Today it was brought to my attention that it has been exactly 20 years since the Romo movement officially came into being – the date of publication of the Romo special Melody Maker that attempted to introduce the world to this music and style phenomenon. This report on The Sunday Show ensued in 1996, offering an entertaining first glance at the scene.
The momentous Romo edition (not my copy but I do own it – and the free cassette!)
Sadly the world in general wasn’t too enthused by the proposal to combine synth and glam rock influences with an androgynous, slightly trashy modern aesthetic. The utilitarian look and 60s-inspired sound of Britpop and lad rock were still hanging heavily over the charts at the time.
I however remember being extremely excited about it all. I was still living in France at the time, and was slightly too young to attend the clubs in any case. I bought the music when I could get my hands on it, and read even the shortest, most irritable music press articles about it with great interest. My preferred bands in the genre were Nancy Boy and Plastic Fantastic, and I still DJ those to this day.
Aged 16, being a Romo in my uncle’s garden in Forest Hill, London.
I’d only recently become interested in 80s bands such as Japan and Duran Duran, so the prospect of a new wave of frills, spills and electronica was very alluring to me. But Romo was a little too far ahead of the curve. A few years later, electroclash would gain more attention for combining synth sounds and flashy styles, and I enjoyed that a lot too, but there was something charmingly British about Romo (even the US band Nancy Boy had a Union Jack on their album artwork!). It had a sense of camp that avoided all-out vulgarity, more tongue-in-cheek than all-up-in-your-face.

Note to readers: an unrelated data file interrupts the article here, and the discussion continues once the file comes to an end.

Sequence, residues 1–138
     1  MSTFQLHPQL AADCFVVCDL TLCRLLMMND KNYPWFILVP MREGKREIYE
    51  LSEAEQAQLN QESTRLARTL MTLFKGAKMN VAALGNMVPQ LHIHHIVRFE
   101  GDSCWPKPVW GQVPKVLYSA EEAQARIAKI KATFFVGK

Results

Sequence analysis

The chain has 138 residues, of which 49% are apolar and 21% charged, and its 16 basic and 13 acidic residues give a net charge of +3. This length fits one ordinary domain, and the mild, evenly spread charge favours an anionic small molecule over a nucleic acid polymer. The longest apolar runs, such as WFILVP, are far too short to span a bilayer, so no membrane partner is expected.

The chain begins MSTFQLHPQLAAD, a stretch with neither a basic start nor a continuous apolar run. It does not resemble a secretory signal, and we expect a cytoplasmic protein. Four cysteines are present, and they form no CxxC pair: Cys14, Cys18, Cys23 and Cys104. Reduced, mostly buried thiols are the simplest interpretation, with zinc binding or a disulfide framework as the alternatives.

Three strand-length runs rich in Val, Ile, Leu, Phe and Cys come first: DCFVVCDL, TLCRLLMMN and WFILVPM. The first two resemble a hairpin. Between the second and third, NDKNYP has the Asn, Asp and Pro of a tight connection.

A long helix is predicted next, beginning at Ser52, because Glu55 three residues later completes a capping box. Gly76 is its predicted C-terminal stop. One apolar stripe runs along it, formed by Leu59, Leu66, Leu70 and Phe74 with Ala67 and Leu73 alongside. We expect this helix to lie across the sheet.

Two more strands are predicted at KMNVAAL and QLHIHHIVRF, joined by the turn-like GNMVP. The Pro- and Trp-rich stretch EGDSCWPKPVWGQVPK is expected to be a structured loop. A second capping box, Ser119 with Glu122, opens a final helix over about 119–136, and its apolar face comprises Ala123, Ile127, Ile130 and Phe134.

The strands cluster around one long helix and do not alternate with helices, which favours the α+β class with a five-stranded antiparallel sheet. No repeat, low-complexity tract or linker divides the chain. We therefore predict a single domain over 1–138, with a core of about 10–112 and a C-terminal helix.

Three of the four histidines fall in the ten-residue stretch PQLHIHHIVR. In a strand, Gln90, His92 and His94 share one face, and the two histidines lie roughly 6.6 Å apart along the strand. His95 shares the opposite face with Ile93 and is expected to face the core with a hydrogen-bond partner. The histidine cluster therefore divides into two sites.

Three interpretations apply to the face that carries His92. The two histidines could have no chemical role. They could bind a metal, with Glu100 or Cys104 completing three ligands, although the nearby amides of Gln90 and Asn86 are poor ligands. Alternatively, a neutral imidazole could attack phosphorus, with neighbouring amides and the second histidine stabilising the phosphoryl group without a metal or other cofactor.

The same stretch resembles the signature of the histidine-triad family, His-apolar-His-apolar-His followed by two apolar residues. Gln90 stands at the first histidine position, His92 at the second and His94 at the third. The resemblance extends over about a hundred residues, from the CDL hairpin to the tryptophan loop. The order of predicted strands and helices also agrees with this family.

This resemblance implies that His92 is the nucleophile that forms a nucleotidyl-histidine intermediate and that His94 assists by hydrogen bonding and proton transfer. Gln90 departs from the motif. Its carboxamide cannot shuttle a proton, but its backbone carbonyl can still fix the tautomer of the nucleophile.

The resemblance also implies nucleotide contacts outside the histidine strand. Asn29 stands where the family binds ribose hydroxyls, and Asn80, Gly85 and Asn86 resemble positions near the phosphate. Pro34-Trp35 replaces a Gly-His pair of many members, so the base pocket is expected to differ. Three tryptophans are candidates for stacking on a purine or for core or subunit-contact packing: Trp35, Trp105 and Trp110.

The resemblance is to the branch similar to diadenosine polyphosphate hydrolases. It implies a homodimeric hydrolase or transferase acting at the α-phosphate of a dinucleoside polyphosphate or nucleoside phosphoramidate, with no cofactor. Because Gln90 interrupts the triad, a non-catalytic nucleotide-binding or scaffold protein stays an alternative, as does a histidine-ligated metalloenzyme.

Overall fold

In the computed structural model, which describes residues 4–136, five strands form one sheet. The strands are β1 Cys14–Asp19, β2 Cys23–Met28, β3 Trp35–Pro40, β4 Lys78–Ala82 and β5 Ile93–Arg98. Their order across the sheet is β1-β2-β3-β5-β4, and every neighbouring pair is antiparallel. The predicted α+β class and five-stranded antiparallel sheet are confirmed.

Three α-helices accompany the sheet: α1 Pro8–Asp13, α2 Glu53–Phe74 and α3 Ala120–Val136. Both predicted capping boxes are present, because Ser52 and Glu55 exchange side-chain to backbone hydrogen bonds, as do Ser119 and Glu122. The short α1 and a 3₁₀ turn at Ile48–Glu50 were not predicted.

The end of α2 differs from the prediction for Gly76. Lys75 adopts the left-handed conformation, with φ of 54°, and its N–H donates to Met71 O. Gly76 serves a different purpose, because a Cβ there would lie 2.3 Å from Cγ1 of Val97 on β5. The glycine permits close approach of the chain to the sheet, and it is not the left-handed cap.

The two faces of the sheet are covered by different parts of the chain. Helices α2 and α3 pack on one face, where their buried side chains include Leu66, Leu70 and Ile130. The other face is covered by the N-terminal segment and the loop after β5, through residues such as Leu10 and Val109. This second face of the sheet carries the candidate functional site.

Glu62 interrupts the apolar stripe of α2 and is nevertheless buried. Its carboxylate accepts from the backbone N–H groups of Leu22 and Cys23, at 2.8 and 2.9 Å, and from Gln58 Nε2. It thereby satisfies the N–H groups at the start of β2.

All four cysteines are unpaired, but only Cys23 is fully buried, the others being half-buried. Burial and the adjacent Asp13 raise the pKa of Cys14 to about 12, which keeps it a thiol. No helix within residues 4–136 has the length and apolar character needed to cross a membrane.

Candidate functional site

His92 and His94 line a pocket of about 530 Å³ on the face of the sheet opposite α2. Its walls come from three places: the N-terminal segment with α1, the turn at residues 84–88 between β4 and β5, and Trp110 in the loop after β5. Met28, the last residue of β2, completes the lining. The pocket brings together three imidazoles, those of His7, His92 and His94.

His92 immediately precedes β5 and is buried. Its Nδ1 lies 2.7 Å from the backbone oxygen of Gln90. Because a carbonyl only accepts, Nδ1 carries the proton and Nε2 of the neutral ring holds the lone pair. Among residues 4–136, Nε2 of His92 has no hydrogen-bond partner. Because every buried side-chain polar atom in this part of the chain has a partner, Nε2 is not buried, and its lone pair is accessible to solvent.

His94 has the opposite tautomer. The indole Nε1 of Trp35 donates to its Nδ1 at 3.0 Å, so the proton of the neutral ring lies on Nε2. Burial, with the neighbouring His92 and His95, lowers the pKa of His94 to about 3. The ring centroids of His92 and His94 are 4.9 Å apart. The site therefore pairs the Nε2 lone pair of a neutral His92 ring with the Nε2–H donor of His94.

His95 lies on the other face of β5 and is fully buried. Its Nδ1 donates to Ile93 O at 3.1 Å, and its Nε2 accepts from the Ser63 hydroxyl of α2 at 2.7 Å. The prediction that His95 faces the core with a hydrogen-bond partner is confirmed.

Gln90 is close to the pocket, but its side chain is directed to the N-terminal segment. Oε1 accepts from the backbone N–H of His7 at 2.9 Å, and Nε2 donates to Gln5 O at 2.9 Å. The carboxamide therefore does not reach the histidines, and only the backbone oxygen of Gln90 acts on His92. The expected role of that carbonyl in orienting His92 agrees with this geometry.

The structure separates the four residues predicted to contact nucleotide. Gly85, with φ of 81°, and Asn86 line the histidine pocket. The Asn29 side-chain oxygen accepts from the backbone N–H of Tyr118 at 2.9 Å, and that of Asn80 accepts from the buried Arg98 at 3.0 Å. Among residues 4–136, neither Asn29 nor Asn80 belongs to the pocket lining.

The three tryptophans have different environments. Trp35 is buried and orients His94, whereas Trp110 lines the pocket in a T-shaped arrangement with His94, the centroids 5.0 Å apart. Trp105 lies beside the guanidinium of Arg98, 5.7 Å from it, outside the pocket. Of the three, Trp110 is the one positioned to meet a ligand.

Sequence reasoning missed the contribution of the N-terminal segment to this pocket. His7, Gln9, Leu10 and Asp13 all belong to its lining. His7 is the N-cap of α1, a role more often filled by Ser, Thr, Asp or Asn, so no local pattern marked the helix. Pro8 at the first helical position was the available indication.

Needless to say the “retro” tag was applied by the media, yet the Romo bands didn’t sound any more retro to me than say, Oasis, or many of the hip and “credible” guitar bands of the time. They certainly didn’t just rip off the 80s outright. This is an issue that synth artists face even today – the simultaneous use of synths and eyeliner always invites references to that golden decade. For me it’s just one influence among many.
It’s hard to look back at that time without thinking about my own life and its twists and turns over the last two decades. Many of which no doubt made my music what it is. In 1995 the only keyboard instruments around me were an old but nice piano in the garage, a harpsichord and a clavichord. My father owned them all but didn’t play them – my sister and I did however. A year or so later I acquired my first electronic keyboard, an affordable little Casio, from a music shop in Croydon.
Whenever I feel jaded by the music scene now, I say to myself that I have still greatly surpassed the expectations that I had back in 1995. I would never have thought I could join a band and play shows in front of people, let alone be signed one day and release an album. Yet I did all those things with A Terrible Splendour (the last and most successful of my attempts at musical collaboration). The “future pop” heralded by that issue of Melody Maker sadly never came to pass, but it has still been an exciting musical voyage. It is now continuing with my bassoon explorations (I have begun lessons again, driving in the dark to a quiet 80s suburb of the Steel City). I doubt my ability to integrate into any current musical scene at this point – but I can be my own scene.